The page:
The region of Champagne, specifically the city of Rheims (alternately pronounced "rans" or "remz") was originally known as the coronation site of French kings. Legend holds that at the coronation of Clovis, France's first Christian king, in 487 A.D., a white dove descended from heaven and placed a vial of holy oil in the hands of St. Remy, to use in the anointing of the new king. St. Remy allegedly took this precious oil with him to his grave, where it remained for four centuries.
Miraculously or mysteriously, Hincmar, the Archbishop of Rheims, found the oil. From that time forward, all French kings came to Rheims to be crowned and to be rendered divine by the anointing St. Remy oil.
As royalty and their retinues flooded the region for coronation events, the region's still wines grew in favor until the 16th century, when the region experienced a mini ice age.
Falls and winters became so cold that wines placed to ferment and age in abandoned Roman chalk caves ceased fermentation. When fermentation resumed in the spring, the resulting wine was a cloudy, gritty, fizzing mess prone to exploding because of pent-up carbon dioxide. Ruling classes rejected these gritty, suspicious bubbling wines in favor of clear, still wines from Burgundy.
But many, including a monk named Dom Pérignon, tried perfecting a method for clarifying the region's wines and combating the bubbles. Gradually, by the early part of the 19th century, the Champenoise started capitalizing on the uniqueness of their fizzy wines. These wines once again gained popularity with the rich and famous, but clarification remained problematic for vintners.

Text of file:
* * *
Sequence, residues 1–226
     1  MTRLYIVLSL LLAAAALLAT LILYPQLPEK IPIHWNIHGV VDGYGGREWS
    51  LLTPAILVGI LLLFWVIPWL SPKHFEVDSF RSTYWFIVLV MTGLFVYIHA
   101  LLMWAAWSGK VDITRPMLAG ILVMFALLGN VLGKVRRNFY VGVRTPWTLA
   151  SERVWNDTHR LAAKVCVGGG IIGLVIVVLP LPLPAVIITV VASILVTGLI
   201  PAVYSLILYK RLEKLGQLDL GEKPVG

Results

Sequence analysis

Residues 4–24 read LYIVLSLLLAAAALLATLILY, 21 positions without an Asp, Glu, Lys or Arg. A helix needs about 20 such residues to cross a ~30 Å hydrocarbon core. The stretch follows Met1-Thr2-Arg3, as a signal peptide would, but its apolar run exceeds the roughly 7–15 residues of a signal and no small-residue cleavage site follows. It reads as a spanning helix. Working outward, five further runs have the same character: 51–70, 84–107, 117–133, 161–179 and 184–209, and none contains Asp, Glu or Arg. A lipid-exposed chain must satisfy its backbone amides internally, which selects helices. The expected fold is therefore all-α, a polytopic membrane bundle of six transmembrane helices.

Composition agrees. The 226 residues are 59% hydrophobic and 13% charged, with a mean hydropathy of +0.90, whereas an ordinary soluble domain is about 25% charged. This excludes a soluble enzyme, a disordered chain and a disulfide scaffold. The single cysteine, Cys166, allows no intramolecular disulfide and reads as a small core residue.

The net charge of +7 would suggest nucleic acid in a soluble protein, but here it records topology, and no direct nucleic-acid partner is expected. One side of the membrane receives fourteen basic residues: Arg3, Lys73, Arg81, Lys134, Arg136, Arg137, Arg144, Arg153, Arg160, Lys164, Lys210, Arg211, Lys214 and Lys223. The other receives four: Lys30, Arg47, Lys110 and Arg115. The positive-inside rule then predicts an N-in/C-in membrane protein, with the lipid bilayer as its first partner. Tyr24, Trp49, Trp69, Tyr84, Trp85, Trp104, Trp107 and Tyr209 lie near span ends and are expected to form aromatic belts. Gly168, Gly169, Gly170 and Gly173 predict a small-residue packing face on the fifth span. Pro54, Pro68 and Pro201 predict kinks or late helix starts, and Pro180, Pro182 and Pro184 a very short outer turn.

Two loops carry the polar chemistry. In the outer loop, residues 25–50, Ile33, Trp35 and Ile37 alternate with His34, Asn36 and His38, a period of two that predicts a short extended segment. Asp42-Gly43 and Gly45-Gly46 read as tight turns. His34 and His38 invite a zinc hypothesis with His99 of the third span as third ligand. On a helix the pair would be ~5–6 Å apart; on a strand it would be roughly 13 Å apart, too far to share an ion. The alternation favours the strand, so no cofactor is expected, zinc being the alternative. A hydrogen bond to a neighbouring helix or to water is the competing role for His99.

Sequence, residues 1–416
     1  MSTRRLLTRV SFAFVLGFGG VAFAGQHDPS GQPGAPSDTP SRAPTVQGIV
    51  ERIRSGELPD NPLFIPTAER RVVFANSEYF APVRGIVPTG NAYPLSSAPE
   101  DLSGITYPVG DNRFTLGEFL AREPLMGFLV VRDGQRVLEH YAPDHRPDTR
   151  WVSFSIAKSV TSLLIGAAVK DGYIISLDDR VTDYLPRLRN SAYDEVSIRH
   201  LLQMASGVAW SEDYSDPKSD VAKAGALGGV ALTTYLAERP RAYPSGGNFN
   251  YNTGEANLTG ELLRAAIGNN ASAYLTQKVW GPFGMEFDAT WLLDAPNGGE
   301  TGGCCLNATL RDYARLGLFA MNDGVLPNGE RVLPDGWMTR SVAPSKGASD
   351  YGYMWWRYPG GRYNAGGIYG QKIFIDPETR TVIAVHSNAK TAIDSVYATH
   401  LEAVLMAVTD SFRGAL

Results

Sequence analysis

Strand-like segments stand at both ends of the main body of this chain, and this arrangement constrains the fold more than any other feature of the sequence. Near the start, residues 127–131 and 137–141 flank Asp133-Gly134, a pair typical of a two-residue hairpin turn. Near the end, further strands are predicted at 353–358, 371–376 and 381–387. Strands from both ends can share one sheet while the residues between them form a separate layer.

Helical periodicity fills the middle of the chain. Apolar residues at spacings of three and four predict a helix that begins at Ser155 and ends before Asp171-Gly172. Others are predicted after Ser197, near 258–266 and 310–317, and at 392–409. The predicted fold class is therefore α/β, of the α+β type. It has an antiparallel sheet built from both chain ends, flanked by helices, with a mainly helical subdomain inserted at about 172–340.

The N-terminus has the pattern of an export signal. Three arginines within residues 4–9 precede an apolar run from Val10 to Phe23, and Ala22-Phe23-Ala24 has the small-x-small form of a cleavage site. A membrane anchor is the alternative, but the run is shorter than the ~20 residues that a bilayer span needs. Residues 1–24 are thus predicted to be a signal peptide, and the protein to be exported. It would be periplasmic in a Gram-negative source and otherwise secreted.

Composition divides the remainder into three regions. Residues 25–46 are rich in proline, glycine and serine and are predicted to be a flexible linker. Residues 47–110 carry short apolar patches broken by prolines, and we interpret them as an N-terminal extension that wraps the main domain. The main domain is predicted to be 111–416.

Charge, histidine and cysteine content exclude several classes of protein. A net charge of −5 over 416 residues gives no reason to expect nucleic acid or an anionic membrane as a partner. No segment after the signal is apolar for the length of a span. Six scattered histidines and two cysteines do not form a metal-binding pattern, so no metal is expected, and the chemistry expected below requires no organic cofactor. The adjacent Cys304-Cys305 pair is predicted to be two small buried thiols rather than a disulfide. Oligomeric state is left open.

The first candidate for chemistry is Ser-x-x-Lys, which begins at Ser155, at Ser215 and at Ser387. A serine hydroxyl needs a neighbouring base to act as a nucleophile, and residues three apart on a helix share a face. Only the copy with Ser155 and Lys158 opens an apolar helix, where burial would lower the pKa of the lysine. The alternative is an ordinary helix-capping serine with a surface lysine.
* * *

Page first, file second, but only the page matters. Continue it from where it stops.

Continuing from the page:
A feisty widow ("veuve" in French) named Barbe-Nicole Clicquot Ponsardin, of the Champagne house now known as Veuve Clicquot, solved the clarification problem by designing a riddling rack. In the rack, the bottles stand almost on end. By gradually turning, or riddling, them, sediment in the wine collected in the neck of the bottle. When temporary caps were removed, the sediment spewed forth, leaving a clear wine. The first riddling rack was fashioned from the Veuve's kitchen table.
All the great Champagne houses benefited from the widow's invention. Her process remains the preferred method for clarifying champagne, though some houses replicate the process using machines rather than human hands.
All true champagne shares this storied history. Champagne remains the drink of kings and the wealthy. Through revolution, war and our current recession, it remains expensive, but it is the perfect gift wine, versatile and always exciting to receive. Consider one of these locally available gems:
Dom Pérignon 2000. $143 at Tyson Art and Frame in Golden Springs. Top wine of the house of Moet & Chandon. A vintage champagne. All champagnes are blends of juice from many vineyards and years, but when vintage is stated on the bottle, the blend is made from juice of a single outstanding year.
Moet & Chandon Brut Vintage 1999. $60.75 at Midtown Chevron in Anniston. From the vintage of 1999. A brut — dry, off-sweet champagne — from a blend of chardonnay, pinot noir and pinot meunier.
Moet & Chandon Imperial. $36.44 at Target at the Oxford Exchange. Non-vintage, entry-level Moet champagne. Brut in style. Delicious.
Drappier Rosé Brut. $44 at Tyson Art and Frame. Beautiful, non-vintage pink wine sourced from Val des Demoiselles, a small vineyard plot planted exclusively to pinot noir. Off sweet, fruity, yummy wine.
Veuve Cliquot Brut. $44.81 at Target. Perhaps America's most popular champagne from the house established by the widow Cliquot. The house calls this wine their yellow label, but it is in fact orange.